Surprise! 'Real'-Looking Models Mean We Buy More
Real-looking models, as seen here in the wildly popular Dove ads, or the type with the razor-sharp hip bones you usually see strutting the runways?
If you answered the type favored by high fashion, you'd be wrong, at least according to new research by a Cambridge PhD student.
Ben Barry gathered a few thousand women on both sides of the pond and analyzed what type of glossy ad model would most propel them to pull out their wallets and spend, spend, spend. Barry's full report won't be released for a few more months, but he agreed to give MyDaily a sneak peek at his findings on how we react to models who look like us -- or don't.
MyDaily: What inspired you to dissect and analyze the complex spending habits of the average female shopper?
Ben Barry: It was the incredible success of Dove's "Campaign For Real Beauty." Within six months of launching the ads -- featuring women of various ages, sizes, and races -- sales jumped by 700 percent in the U.K and 600 percent in the U.S. just two months after they ran. This was directly linked to the fact that a range of models were used, since the majority of the brand's products weren't new to the market. Yet, despite such enormous success, no other brands followed suit. Advertisers weren't sure whether Dove's approach increased sales because women actually wanted to see diverse models or whether it was simply a novelty that generated media attention. When I looked at previous research done on the topic of models in advertising, I found that studies just focused on the impact models had on self-esteem and body image. So I decided to see whether Dove was an anomaly or if there was an actual change in the consumer mindset.
What was the makeup of your test pool? Are we talking women of all ages and socioeconomic backgrounds?
My sample included over 3,000 females from Canada, the United Kingdom, and the United States. The women ranged in age from 14 to 65, had varying income levels, were of African and Caucasian descent, and wore dress sizes from zero to 24.
Did any of the study's results truly surprise you?
The feedback from my sample group didn't completely surprise me because almost every woman I'd informally told about the project had the same response: "It's about time fashion ads showed women like me!" But three of my conclusions were particularly interesting: In general, women are more likely to purchase a fashion product when they see a model resembling their size, age, and race in the advertisement. That said, a thin, young, white woman therefore increased her buying when the model reflected her traits, suggesting that there isn't going to be an end to the size zero, but rather a move toward more body diversity. Second, I found that simply using a curvy or older model isn't enough -- consumers want these models to evoke the same glamour and artistry as traditional fashion models. My study also challenges the belief that black models don't sell products to Caucasian audiences; I found that consumers are just as likely to purchase a product from a black model as from a white one.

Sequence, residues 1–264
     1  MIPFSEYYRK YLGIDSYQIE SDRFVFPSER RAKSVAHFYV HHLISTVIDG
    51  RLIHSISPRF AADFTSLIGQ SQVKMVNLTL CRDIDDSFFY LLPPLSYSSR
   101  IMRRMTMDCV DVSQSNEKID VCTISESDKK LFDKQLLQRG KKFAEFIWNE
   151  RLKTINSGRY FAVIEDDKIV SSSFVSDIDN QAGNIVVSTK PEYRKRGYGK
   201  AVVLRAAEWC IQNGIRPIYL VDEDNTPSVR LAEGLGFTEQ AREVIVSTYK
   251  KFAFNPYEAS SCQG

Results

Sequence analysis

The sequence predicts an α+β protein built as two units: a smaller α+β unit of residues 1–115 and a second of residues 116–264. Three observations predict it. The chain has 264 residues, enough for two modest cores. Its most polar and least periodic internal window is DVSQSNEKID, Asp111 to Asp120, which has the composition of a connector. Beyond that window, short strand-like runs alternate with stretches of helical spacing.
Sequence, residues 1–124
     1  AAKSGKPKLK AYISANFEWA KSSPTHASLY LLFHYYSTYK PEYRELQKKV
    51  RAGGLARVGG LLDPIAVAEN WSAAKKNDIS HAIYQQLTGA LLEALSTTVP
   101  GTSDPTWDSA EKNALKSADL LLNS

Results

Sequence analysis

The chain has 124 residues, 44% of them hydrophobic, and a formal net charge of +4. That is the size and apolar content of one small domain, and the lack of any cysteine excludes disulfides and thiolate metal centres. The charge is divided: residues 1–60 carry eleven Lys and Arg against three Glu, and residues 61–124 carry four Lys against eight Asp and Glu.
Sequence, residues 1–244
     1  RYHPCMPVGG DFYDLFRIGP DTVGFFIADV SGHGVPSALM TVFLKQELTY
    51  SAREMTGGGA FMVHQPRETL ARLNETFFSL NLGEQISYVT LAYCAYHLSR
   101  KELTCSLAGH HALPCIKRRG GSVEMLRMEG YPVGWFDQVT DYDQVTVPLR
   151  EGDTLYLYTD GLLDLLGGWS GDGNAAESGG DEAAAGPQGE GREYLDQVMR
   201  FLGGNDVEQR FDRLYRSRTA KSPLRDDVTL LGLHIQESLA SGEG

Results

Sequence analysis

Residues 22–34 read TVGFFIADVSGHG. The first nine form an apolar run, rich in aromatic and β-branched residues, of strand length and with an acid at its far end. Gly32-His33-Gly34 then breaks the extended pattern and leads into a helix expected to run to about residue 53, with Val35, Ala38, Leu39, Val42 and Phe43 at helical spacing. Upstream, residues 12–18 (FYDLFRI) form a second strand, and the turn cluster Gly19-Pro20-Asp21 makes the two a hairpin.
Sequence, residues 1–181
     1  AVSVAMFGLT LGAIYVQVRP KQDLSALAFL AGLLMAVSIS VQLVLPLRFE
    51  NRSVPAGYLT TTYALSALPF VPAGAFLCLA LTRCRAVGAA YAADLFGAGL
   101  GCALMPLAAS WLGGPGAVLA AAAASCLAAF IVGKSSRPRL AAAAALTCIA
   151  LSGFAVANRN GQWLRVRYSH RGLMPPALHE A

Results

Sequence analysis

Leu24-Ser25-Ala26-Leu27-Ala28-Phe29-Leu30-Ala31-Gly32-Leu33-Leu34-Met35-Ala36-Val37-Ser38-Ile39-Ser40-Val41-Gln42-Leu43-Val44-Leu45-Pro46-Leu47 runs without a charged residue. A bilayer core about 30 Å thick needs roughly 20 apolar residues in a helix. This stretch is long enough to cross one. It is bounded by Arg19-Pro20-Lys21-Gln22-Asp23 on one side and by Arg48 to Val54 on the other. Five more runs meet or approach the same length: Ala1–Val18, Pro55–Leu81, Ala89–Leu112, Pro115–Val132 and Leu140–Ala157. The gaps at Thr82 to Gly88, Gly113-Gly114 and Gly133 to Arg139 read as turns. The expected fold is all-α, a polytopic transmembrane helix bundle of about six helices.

Were there any drastic differences in the responses you got from younger versus older women who participated in the study?
Regardless of whether or not the models shared similar traits with them, some younger women increased their buying when models exemplified the "beauty ideal," because the shoppers believed the models' looks were achievable. In contrast, no older participants increased their buying when they saw such models because they believed the representations were inauthentic, unattainable, and even undesirable.
What about men? Do they also look for models who resemble them when weighing what they will or will not buy?
With the explosion of fashion brands and magazines for men, they're now bombarded with their own version of a singular beauty ideal. While my research didn't focus on men, I think they've learned from women's experiences and are also becoming savvy and skeptical viewers. To that end, we're starting to see men's brands and magazines featuring more diverse male models in their marketing.
It's all about the bottom line; fashion is a business. The philosophy behind using models that differ from consumers is to create an image that shoppers can aspire to but not actually achieve. As a result, consumers demand new products in the hope that they can attain that model look one day. Other brands believe that consumers view the differences between models and themselves as "problems," which can only be corrected by buying the advertised products.
Are there any big-name brands, besides Dove, that have tried the "real woman" route with positive results more recently?
Several fashion brands have slowly and cautiously started to feature diverse models in their fashion week shows, including Chanel, Tom Ford, Prada, and Louis Vuitton. The successes speak for themselves: retailer Browns Focus, which exclusively stocks British designer Mark Fast, reported that a week after Fast sent several curvy models down the runway, he became the retailer's second best-selling line.
So what's the over-arching message of your study?
There's been a shift in the mindset of today's female consumers, who reject artifice and crave authenticity. Case in point: Essentials, a British women's magazine, announced last October that they would no longer feature models in their publication. The decision increased sales 12.7 percent.
Related: "I Was Plucked Off the Street to Become a Male Dove Model"
See the real-looking models for Dove strut their stuff below:
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